IBM and ESB develop IT system for smart electric vehicle charging in Ireland

Electric vehicle charging

In August 2010 I was given the chance to test drive a pre-production model Nissan Leaf in Ireland. I was totally taken with the experience, so it was with a certain amount of delight I read last week that IBM and ESB eCars were collaborating to implement a country-wide smart charging IT system for electric vehicles in Ireland.

ESB Networks has so-far approximately 1,000 electric vehicle public charging points currently available, with a target of installing 1,500 on-street charge points and 30 fast charge points. ESB also have Android and iPhone mobile phone apps to help drivers locate charge points throughout the country.

The IT system being created by IBM and ESB will allow drivers to access, charge and pay for a car charge using an identification card. According to the release:

Electric vehicle parking place

The IBM EV platform will enable EV drivers to select convenient payment options and access all charge-points using one ID card – a process that will aggregate usage costs and simplify billing. This smart charging capability allows consumers to charge anywhere at anytime, regardless of their electricity provider and without the need to carry multiple access cards. Additionally, drivers will also have the option to use a mobile device or browser to locate the nearest charge post, check its availability, and make a reservation if the post is available.

This gives tremendous flexibility and ease of use to drivers of electric vehicles, while also providing valuable data to utilities on energy usage. This usage data will allow better forecasting of demand and help balance the load on the power grid as well as help ESB Networks to monitor the health and status of the charge-points to ensure service reliability.

The changeover to a national fleet of electric vehicles is always going to be a difficult proposition which will take considerable time and faces the familiar chicken and egg issue. However a move like this from ESB and IBM will certainly help reduce the chicken and egg issue somewhat and should contribute to a faster adoption of electric vehicles in Ireland.

Full disclosure – IBM and ESB Ireland are not GreenMonk clients (though in the past IBM has commissioned work from GreenMonk).

Image credits Tom Raftery

Unfortunate EV choice won’t help SAP’s Greenhouse Gas reduction commitments

SAP's 2010 Global Greenhouse Gas Footprint

The graph above is taken from the Greenhouse Gas Footprint page of SAP’s Sustainability Report and it shows SAP’s global GHG footprint for 2010. Of particular note in this graph is that globally SAP’s 2010 carbon footprint for corporate cars is 24%. This is up from 23% in 2009 and 18% in 2008. This is obviously a problem for SAP who have publicly committed to reducing their Greenhouse Gas Emissions 51% (from their 2007 baseline) by 2020.

In an effort to help address this SAP decided to embark on a small scale Electric Vehicle (EV) project called Future Fleet. Future Fleet uses a fleet of 30 EV’s charged solely from renewable sources supplied (along with the charging infrastructure) by project partner MVV Energie.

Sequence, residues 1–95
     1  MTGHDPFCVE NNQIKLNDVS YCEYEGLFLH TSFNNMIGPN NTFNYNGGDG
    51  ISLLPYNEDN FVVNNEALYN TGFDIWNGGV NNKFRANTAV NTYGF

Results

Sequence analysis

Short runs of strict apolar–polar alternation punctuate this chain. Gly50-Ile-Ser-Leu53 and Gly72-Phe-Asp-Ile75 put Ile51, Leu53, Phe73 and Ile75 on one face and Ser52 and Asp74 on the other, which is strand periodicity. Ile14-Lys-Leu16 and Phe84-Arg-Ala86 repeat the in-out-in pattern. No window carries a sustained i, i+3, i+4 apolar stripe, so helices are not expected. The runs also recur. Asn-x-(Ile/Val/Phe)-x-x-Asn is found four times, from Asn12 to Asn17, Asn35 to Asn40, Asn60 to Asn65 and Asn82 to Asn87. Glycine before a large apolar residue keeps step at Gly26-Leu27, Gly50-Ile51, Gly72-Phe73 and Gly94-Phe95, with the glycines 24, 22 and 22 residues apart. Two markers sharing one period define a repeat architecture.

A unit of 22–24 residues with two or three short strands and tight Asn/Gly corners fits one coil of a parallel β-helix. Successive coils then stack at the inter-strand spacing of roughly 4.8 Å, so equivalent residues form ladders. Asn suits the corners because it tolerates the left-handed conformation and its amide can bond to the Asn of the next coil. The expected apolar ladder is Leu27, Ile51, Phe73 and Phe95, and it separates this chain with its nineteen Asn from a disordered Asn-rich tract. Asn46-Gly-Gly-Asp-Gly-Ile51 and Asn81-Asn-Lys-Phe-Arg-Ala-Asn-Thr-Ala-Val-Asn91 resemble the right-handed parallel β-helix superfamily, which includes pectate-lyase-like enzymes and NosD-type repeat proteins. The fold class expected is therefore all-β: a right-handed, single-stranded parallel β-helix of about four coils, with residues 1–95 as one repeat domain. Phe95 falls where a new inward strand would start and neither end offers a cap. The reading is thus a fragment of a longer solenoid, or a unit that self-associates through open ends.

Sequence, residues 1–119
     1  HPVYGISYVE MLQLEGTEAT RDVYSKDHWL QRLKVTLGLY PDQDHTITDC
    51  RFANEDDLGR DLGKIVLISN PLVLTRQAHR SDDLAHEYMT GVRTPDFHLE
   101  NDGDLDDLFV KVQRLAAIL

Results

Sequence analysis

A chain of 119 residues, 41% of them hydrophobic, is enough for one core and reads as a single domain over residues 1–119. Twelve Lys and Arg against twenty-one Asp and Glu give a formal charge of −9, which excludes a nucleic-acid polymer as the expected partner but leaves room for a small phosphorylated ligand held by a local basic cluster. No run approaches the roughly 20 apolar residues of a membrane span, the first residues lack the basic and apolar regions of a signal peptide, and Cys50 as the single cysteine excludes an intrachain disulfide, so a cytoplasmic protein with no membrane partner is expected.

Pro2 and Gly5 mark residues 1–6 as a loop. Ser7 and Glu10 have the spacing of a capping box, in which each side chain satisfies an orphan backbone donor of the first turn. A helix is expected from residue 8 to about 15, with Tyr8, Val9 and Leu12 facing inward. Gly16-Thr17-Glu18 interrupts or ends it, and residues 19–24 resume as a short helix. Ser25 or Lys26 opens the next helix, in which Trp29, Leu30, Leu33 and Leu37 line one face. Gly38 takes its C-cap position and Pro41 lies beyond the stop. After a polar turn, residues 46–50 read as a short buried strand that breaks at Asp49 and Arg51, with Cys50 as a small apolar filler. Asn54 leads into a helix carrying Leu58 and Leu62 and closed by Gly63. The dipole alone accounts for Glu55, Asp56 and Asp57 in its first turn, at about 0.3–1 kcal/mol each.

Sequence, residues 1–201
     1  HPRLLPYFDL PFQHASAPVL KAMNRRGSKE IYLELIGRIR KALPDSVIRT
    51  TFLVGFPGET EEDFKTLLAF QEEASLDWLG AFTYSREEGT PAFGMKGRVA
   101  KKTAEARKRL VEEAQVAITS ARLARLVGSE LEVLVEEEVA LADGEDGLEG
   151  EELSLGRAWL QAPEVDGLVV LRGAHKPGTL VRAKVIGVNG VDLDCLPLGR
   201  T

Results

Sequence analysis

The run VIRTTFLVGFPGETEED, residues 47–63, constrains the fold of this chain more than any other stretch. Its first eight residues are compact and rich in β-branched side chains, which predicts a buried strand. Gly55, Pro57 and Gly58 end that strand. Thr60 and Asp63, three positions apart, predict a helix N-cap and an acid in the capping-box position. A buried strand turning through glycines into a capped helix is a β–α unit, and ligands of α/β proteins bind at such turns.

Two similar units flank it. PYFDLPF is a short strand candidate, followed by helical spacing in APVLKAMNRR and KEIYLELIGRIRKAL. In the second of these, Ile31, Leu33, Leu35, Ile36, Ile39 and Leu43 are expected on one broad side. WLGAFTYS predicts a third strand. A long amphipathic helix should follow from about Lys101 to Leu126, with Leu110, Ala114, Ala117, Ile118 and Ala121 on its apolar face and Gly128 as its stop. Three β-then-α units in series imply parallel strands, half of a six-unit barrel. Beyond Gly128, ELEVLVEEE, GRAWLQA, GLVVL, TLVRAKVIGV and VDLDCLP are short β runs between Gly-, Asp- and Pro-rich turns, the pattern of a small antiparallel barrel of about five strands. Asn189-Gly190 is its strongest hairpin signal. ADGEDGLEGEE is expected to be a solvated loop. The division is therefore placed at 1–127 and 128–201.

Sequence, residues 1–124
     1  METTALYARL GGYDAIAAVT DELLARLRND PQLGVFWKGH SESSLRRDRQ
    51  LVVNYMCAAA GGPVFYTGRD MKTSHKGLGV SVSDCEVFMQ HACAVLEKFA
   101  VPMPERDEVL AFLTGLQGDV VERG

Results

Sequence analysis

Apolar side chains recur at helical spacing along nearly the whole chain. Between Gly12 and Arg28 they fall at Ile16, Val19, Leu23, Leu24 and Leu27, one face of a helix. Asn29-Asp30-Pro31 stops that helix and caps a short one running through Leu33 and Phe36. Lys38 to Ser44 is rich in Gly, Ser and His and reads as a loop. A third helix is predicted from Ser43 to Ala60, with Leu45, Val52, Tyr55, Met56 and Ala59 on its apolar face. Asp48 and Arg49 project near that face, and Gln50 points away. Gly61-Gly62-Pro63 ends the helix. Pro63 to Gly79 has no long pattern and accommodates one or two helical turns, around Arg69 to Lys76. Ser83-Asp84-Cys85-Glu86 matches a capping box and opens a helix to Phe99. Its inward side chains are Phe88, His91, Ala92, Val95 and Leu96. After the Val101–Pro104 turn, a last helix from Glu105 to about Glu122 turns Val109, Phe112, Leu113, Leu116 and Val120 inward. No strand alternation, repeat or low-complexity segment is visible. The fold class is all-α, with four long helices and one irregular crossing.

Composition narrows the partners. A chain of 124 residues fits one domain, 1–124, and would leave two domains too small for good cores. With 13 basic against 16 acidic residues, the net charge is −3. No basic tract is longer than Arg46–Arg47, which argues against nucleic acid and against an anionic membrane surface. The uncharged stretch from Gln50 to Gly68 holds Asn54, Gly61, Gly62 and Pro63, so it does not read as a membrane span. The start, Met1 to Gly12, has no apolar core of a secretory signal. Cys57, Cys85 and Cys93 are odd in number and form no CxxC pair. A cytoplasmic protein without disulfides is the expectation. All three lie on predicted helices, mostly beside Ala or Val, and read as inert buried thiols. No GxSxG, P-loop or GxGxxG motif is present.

SAP Future Fleet electric vehicle

SAP Future Fleet electric vehicle

SAP are using this project to test employee attitudes to EV’s but also to test their own EV eMobility charging and fleet management software which is being developed, and tested in tandem with the project. The software allows employees to log in and book cars for specific journeys between SAP sites in Germany, or for a day or a week at a time. The software also intelligently prioritises charging of cars based on expected upcoming journey duration, current battery state and other factors.

All good and laudable stuff. However, one major issue I have with the project is that for purely political reasons SAP chose an electric car for the project which seemed to be designed with the distinct purpose of turning drivers off EV’s. This happened because the project was part-funded by the German Federal Ministry for the Environment, Nature Conservation and Nuclear Safety and they insisted that SAP use a German-made car for the project. I have no idea of the legality of this stipulation but at first glance it would seem contrary to EU legislation.

In any case, SAP went to several large German manufacturers who were unable to provide EV’s for the project. They then found a local co. who took Suzuki car bodies (if memory serves) and installed a purely electric drive-train. This resulted in electric cars which have a number of issues:

  1. the cars’ look ugly – giving lie to the idea that EV’s are small, ugly, box-like cars
  2. the cars’ are incredibly basic inside – no electric windows, no electric mirrors, and a manual transmission (no, really!) and
  3. the cars’ energy management interface is horrible – it is an unreadable single-line LED, as opposed to the Windows-type UI now normal on commercially available EV’s and hybrids

This wouldn’t be so bad except that with SAP’s carbon emissions from corporate cars on the rise, SAP needs to be making EV’s an attractive proposition for its employees. With these cars, SAP risks turning its employees off EVs, and sabotaging its own GHG reduction commitments.

You should follow me on Twitter here.

Photo credit Tom Raftery

CODA Automotive’s all-electric car

I attended an energy efficiency day at SAP’s Palo Alto facilities and there I met Brian Patnoe of CODA Automotive. He was there showing CODA’s new all electric car so I asked him to tell me about it to camera. Here’s a transcript of the conversation and above the video.

Tom Raftery: Hi everyone! Welcome to GreenMonk TV. I?m at SAP headquarters today and I?m talking to Bryan Patnoe of CODA Automotive. Bryan, you?ve got half a car and a full prototype.